Republicans, who opposed the measure, motioned to have the bill sent back to committee, effectively killing it off.
He was lying down, and I was seated, and he motioned for me to come over.
One day he motioned from his desk that he had something to tell me.
Mabrouka motioned for me to sit down on a bench in a corner of the room, which was set up to look like a living room.
I motioned him to a seat on a bench under the electric light, and sat down beside him.
He then motioned to him to be silent, and proceeded with his queries.
She motioned to him to ride on, and he thought it best to do so.
Then a desperate idea seized me, and I motioned Hardy to leave the room.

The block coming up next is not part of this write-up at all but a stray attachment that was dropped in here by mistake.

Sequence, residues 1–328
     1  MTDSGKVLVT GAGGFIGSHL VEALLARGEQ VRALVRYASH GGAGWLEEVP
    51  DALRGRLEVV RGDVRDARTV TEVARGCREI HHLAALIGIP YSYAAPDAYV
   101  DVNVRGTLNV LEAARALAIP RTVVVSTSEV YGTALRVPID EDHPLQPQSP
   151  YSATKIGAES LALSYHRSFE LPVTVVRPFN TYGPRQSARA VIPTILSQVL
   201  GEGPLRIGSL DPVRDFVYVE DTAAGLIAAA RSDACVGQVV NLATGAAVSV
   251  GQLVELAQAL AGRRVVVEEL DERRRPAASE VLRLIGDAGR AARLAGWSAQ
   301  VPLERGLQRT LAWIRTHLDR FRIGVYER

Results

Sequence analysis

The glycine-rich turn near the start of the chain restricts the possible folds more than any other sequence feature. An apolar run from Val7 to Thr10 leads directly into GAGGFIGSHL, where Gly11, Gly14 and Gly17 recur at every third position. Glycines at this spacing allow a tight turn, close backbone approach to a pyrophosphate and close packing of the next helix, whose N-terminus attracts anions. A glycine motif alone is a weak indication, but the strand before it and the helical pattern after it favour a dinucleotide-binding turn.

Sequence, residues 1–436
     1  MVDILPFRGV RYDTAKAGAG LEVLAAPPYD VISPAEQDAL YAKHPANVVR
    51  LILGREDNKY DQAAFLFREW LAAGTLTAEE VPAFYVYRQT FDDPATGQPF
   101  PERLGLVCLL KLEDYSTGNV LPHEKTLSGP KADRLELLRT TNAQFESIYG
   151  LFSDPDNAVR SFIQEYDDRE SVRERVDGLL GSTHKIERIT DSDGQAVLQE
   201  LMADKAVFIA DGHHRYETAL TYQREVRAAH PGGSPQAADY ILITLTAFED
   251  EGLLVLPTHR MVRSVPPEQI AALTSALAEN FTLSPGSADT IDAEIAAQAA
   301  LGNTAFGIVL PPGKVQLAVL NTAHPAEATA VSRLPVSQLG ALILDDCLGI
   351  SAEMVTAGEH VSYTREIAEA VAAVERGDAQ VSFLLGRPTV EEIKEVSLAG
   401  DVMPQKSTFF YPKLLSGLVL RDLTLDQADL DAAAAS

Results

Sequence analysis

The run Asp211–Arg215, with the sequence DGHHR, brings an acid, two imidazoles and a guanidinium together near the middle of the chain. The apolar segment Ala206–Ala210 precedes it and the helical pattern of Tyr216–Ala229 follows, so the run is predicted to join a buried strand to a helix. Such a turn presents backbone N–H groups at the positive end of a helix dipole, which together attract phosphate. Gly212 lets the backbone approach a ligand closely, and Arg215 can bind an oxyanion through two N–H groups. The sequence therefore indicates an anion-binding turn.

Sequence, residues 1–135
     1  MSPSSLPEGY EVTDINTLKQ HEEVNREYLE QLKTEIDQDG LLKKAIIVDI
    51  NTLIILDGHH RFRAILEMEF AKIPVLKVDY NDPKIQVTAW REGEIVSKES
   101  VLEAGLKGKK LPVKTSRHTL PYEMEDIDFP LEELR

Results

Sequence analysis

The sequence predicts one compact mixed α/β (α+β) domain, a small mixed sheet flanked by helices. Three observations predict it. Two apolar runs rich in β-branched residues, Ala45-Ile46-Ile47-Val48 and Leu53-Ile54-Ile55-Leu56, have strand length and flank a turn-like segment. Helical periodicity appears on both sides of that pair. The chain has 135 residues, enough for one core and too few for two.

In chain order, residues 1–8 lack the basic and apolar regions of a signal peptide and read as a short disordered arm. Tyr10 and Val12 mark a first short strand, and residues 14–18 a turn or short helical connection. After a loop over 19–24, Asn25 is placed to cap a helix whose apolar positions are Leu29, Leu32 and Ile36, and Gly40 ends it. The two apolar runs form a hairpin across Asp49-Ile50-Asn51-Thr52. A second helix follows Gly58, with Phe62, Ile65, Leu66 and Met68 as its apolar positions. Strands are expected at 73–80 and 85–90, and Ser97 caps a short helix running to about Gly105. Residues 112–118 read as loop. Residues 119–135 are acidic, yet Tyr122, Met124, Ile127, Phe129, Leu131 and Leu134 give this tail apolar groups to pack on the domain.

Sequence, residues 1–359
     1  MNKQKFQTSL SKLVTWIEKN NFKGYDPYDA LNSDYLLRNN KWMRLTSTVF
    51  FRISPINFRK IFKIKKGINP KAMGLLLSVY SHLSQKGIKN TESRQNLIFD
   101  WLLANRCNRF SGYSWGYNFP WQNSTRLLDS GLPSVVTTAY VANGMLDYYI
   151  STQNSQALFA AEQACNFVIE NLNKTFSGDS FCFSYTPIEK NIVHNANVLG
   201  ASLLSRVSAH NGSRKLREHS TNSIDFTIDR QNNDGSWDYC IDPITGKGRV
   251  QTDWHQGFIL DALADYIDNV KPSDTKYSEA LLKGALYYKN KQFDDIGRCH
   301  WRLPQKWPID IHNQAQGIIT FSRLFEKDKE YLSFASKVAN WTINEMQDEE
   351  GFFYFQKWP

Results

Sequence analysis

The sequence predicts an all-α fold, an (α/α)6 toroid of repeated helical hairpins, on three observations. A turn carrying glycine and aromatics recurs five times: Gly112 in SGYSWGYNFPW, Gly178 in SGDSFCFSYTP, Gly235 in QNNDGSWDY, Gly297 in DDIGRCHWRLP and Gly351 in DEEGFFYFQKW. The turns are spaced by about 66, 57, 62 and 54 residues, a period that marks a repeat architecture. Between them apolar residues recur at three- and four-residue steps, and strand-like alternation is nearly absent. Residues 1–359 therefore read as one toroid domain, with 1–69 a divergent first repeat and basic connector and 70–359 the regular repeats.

He was speechless, but he motioned to Bonham, who ran up to continue the fight.
The orderly saluted and then motioned for Dave and Freddy to walk out ahead of him.
late 14c., "suggestion; process of moving," from Old French mocion "movement, motion; change, alteration" (13c.), from Latin motionem (nominative motio) "a moving, a motion; an emotion," from past participle stem of movere "to move" (see move (v.)). Motion picture attested from 1896.
late 15c., "to request, petition" (obsolete), from motion (n.). The sense in parliamentary procedure first recorded 1747; with meaning "to guide or direct by a sign, gesture, movement" it is attested from 1787. Related: Motioned; motioning.
motion mo·tion (mō'shən)
The act or process of changing position or place.
The manner in which the body or a body part moves.